The White Sox’s acquisition of Nick Swisher may open the door to Coco Crisp being traded to the White Sox.
How is this possible, you ask, with the White Sox holding three starting outfielders already?
Even though the White Sox plan to play Swisher in centerfield, he is best suited to the corners. Jermaine Dye is entrenched in right-field and with recent rumors swirling that the White Sox are in talks with the Los Angeles Angels to deal first baseman Paul Konerko to the Angels, which would open up first base for Swisher.
If that trade doesn’t happen, the White Sox may look to continue upgrading their team in other ways.
Enter Coco Crisp.
The White Sox have been interested in Crisp as someone who could plug the center-field vacancy for a while. Possessing speed, superior defense and at the very least a history of offensive success, Crisp has to be enticing to a team that boasts a ton of station-to-station hitters (Swisher, Dye, Konerko, Jim Thome, Joe Crede).
If there was a trade of Coco Crisp to the White Sox for Carlos Quentin, it would make a lot of sense for both Sox.
Quentin, 25, has long been considered a long-term starting outfielder and experienced early success at the age of 23 for the Arizona Diamondbacks, hitting .253/.342/.530 in 116 AB (57 games). This past year, his value took a dip, hitting only .214/.298/.349 in 229 AB (81 games). The trade to the White Sox was to open up more playing time for Quentin. One reason for his dip in statistics is because of a shoulder injury he sustained in spring training. In mid-October, he underwent successful surgery to repair his rotator cuff and labrum (in his non-throwing shoulder).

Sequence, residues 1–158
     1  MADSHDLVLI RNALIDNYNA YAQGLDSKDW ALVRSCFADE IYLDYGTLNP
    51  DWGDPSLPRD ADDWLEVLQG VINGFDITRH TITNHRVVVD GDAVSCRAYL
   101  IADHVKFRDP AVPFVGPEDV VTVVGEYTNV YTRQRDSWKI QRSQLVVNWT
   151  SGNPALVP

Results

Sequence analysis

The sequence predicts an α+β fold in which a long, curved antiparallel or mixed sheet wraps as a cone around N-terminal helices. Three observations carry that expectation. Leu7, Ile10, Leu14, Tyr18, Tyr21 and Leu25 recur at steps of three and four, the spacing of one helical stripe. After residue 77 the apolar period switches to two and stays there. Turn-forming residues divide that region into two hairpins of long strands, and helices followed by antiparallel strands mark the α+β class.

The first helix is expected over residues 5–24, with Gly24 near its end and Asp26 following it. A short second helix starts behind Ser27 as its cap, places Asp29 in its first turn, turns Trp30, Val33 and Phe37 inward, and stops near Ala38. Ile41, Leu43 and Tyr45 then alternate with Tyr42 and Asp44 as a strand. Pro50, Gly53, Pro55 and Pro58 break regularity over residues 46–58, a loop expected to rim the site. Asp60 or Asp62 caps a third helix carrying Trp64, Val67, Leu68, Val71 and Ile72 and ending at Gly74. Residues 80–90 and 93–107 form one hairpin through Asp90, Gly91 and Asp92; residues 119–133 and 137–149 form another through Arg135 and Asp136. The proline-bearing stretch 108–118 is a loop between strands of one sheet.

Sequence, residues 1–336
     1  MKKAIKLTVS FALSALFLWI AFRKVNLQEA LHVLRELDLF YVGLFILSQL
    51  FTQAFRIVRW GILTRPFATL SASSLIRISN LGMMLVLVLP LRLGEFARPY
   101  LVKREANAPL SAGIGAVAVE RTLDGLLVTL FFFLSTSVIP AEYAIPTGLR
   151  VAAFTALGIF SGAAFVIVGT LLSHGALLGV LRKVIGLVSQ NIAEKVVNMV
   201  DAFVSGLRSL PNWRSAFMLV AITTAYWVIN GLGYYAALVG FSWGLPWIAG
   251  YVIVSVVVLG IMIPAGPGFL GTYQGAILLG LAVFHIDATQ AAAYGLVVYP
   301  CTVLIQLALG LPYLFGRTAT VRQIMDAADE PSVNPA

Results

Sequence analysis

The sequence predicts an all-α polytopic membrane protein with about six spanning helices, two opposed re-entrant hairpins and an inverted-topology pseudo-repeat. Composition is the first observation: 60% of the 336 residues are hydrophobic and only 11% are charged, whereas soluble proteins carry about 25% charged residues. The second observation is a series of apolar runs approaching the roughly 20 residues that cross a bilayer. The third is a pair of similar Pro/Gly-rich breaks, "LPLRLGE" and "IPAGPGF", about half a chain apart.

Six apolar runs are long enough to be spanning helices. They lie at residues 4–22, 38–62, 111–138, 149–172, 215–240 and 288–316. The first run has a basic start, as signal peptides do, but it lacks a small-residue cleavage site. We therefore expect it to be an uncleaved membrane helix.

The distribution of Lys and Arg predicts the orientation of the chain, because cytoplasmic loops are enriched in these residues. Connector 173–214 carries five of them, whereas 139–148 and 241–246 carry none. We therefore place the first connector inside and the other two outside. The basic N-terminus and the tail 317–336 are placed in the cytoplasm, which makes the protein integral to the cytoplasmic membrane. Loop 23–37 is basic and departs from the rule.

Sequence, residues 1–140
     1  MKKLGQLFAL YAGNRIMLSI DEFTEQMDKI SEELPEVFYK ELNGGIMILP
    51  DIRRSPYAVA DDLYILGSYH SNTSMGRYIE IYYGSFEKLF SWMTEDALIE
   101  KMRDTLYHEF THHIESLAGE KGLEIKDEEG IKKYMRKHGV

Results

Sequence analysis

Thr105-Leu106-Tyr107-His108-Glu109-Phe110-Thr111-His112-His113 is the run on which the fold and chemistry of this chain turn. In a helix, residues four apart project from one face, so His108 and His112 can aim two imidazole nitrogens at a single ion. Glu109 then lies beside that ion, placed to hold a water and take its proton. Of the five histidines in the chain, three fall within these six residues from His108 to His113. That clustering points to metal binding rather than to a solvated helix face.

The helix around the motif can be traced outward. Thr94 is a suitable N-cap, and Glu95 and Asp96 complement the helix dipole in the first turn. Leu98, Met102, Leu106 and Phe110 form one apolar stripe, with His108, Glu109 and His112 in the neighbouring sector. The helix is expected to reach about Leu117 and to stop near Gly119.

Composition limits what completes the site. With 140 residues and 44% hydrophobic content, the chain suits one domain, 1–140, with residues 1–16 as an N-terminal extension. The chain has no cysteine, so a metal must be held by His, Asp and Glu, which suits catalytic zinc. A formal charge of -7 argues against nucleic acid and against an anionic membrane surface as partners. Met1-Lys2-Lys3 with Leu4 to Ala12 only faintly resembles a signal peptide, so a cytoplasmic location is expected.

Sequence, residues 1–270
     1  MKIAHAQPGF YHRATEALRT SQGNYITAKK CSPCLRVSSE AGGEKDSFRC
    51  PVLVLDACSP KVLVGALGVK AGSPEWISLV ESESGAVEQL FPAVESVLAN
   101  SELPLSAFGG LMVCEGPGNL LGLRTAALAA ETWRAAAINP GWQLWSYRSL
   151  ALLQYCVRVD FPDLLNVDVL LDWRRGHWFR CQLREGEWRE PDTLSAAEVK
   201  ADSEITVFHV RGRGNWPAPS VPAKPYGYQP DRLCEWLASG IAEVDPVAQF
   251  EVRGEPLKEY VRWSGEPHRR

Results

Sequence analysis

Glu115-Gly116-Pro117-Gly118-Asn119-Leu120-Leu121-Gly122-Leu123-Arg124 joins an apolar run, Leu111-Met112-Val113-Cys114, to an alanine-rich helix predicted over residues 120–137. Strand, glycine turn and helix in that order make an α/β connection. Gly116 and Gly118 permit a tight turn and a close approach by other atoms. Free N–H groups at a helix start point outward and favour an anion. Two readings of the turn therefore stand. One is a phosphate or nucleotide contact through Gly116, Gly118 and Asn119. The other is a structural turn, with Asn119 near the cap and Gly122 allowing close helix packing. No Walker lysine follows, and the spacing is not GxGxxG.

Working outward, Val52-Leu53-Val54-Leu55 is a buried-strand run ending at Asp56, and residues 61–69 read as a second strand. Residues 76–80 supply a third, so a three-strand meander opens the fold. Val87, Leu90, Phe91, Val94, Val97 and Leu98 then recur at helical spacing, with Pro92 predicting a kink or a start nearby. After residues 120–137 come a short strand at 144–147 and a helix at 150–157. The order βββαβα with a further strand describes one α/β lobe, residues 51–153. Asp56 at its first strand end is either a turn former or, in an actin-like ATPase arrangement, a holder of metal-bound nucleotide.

This move would allow the Red Sox to use Quentin as their fourth outfielder (Brandon Moss notwithstanding) with an eye towards slotting him in as a starter in the future. At only age 25 without a proven track record of success, using Quentin in all outfield corners and at DH could net him about 300 at bats, which would represent a career high.
Manny Ramirez is entering his final year of his guaranteed contract and has reportedly been working out feverishly this off season after suffering a subpar (by his standards) year. If the Red Sox chose not to pick up Manny’s option, we would have Quentin, who would be able to step in. If Jacoby Ellsbury has a slump, Quentin steps in. If J.D. Drew gets hurt, Quentin steps in. When Ortiz rests, Manny DHs and Quentin steps in. Even though Quentin doesn’t play first base, he could learn and step in there.
The two negatives to this argument:
Carlos Quentin has never played centerfield at the major league level. However, he was ranked Arizona’s best defensive outfielder in their system in 2006, so playing a backup role in center shouldn’t be too much of a stretch.
Where does this leave Brandon Moss? The answer to this is: does it matter? Moss is a solid young outfielder with history of success, but he can’t match Quentin in terms of minor league production and height of his ceiling.
If the Red Sox could swap Coco Crisp for Carlos Quentin (the largely irrelevant second pieces notwithstanding), I say do it. What say thee?